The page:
Friday, February 23, 2018

“Must Go Faster! Must Go Faster!” by C. Kevin Thompson

C. Kevin Thompson

This iconic phrase comes from a movie wherein three people in a Jeep are about to be eaten alive. Can you picture the scene? Can you see the dinosaur’s head in the side mirror, with the little message on the bottom: OBJECTS IN MIRROR ARE CLOSER THAN THEY APPEAR”?

Do you ever feel like that sometimes as a writer? If you don’t go faster, the world of writing and consumerism will eat you alive? While you’re writing your second or third book for the year, another author just published his or her eighth?

In a world with things like binge watching, fast passes, and freaky-fast food deliveries, it seems everything has to happen yesterday. Procrastinate a day, and you’re a week behind. So, we combat those assaults with personal and group-oriented binge-writing events. Pay good money for formulas on how to write a novel in thirty days. Some authors even go so far as to have someone else write the novel for them (with their input, of course). That’s how some famous authors can publish 13-14 novels a year.

But I have a question? If you could write a great novel or a good novel, which one would you choose? Do you like wearing mass-produced shoes, or hand-crafted ones? Would you rather eat frozen, store-bought pizza or freshly hand-made pizza from a local pizzeria? Do you like adorning your house with hand-made wooden furniture, or the kind made out of particle board with the plastic veneer? I think you see where I’m going with this.

Little in this life worth having and cherishing was made quickly. That’s not to say a good novel cannot be written in a mere few weeks. A Christmas Carol was written in about six weeks. And that’s not to say good writing cannot come from the computer of a person who types 40,000 words in a cloistered weekend. But those works are the exception, not the rule.

In most cases, however, good writing comes from careful word choices. Meticulous research. Edit upon edit. But it also comes from a story not quite told that way before. A tale that is a little different from the rest in its telling. Not a formula wherein the names and places are interchangeable, and the story is just like the previous one. Not a cookie-cutter pattern of rising action, climax, and happily ever-after. Good writing stretches the mind of a reader. It pokes them when they expect a slap. It needles them when they thought you were about to unload whodunit. It screams at them when they puckered up for a kiss.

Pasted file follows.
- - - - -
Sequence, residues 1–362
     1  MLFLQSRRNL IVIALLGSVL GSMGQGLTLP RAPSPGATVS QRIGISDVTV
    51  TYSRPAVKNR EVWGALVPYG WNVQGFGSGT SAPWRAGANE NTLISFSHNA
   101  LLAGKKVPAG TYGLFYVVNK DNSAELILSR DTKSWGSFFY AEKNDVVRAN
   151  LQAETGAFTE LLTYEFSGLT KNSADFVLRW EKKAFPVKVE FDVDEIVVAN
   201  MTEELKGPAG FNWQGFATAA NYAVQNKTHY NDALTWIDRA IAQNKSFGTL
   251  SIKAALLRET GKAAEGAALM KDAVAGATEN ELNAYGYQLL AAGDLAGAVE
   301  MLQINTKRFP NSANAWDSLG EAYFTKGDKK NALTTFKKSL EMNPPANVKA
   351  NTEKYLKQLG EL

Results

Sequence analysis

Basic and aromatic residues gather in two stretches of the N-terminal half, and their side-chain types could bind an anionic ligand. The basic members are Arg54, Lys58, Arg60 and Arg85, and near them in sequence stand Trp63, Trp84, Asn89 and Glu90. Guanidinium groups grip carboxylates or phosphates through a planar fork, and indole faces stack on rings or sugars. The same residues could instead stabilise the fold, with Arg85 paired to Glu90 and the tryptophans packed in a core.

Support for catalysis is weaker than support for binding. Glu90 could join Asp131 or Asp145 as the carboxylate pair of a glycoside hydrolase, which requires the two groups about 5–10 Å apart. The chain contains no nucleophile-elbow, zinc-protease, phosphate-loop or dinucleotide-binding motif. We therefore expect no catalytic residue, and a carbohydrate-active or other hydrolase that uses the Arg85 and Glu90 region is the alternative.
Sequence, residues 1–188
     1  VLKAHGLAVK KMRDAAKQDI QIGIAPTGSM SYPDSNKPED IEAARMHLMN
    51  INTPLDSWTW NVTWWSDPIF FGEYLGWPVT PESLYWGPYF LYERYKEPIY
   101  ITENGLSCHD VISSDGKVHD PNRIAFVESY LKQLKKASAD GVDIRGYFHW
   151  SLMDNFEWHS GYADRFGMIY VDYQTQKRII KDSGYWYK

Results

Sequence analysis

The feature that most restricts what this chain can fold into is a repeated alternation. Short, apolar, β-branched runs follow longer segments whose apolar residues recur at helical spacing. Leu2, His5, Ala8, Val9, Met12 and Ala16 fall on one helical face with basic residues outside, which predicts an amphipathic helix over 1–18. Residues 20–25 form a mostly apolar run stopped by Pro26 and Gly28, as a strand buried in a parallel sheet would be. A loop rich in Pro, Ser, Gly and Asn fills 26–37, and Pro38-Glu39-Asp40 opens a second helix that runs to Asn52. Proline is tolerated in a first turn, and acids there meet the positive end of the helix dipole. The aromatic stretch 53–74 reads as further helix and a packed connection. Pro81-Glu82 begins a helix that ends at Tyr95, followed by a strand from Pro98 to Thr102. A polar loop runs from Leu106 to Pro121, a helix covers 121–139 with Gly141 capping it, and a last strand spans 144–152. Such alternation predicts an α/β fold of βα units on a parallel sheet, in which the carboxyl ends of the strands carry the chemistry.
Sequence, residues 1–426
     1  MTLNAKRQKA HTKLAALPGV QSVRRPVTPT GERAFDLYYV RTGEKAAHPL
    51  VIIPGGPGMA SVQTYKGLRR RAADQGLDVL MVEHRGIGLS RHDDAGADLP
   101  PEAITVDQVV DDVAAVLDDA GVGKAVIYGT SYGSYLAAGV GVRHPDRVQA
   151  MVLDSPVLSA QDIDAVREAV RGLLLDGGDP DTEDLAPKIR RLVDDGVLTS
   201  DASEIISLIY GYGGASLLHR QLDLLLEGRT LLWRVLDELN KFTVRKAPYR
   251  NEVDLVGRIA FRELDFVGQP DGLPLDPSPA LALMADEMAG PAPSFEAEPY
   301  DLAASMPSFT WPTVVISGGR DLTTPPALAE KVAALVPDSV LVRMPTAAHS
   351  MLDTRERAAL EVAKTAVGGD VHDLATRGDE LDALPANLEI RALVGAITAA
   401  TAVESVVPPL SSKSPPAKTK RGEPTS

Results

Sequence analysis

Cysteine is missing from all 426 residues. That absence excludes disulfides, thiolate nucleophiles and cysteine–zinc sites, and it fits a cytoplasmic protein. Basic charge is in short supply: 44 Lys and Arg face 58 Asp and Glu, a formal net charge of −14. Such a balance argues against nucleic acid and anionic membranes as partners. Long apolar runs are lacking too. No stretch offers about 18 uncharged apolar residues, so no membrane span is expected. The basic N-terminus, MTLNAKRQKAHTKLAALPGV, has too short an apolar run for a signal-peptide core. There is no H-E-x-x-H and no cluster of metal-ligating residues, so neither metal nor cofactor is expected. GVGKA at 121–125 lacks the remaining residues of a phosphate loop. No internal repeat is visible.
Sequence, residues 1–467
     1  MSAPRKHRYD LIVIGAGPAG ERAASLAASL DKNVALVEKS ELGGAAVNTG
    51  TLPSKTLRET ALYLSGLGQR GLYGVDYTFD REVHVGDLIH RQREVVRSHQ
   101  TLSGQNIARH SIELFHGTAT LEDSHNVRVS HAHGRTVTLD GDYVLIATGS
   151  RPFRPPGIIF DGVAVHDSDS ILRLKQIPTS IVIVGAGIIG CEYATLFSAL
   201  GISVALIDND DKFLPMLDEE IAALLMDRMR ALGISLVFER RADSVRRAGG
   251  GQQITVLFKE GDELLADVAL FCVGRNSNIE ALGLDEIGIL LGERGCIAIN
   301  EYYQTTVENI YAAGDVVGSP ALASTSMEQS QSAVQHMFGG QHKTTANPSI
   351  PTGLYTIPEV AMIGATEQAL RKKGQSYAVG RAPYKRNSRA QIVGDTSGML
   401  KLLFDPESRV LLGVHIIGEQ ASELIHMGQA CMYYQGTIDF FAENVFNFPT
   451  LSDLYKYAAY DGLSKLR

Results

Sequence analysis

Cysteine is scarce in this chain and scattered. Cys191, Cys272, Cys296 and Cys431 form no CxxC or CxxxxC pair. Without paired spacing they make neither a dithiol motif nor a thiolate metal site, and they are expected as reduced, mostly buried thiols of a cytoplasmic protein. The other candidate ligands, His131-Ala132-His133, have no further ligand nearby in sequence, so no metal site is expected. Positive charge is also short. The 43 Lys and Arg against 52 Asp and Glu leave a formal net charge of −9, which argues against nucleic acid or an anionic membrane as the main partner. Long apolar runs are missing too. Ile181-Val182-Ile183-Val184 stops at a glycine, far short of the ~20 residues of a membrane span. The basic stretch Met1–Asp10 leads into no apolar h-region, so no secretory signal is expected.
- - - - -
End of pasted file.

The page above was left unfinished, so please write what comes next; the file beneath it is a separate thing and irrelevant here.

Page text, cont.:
If you can do all of that and more and still accomplish 40,000 words in a weekend, then you have my applause. But for most people, it’s not about the number of words thrown at the pages, it’s about the words placed on the pages themselves. It’s about how they are arranged. How they emote. How they live.

In a world drowning in books, it’s usually the dead ones that rise to the top. Those that have weight and merit and depth and life are the ones that withstand the tides of time, surviving even the harshest of droughts, to become the water upon which thirsty souls may find respite. If you don’t believe me, get a group of people together and see if they can name ten New York Times Bestsellers from 1990-2000 that are still recommended reading today and will probably be on recommendation lists for decades to come…like the works of Jane Austen, Charles Dickens, or Earnest Hemingway are recommended. (Good luck.)

Do you see my point? “Faster” isn’t always better. Neither is “Popular.” For faster and popular often look like a flare in the night sky. Easily seen and easily forgotten.

So, write well, my friend, so that your writing may become a well readers will want to come back to time and time again.






The Blake Meyer Thriller Series, Book 3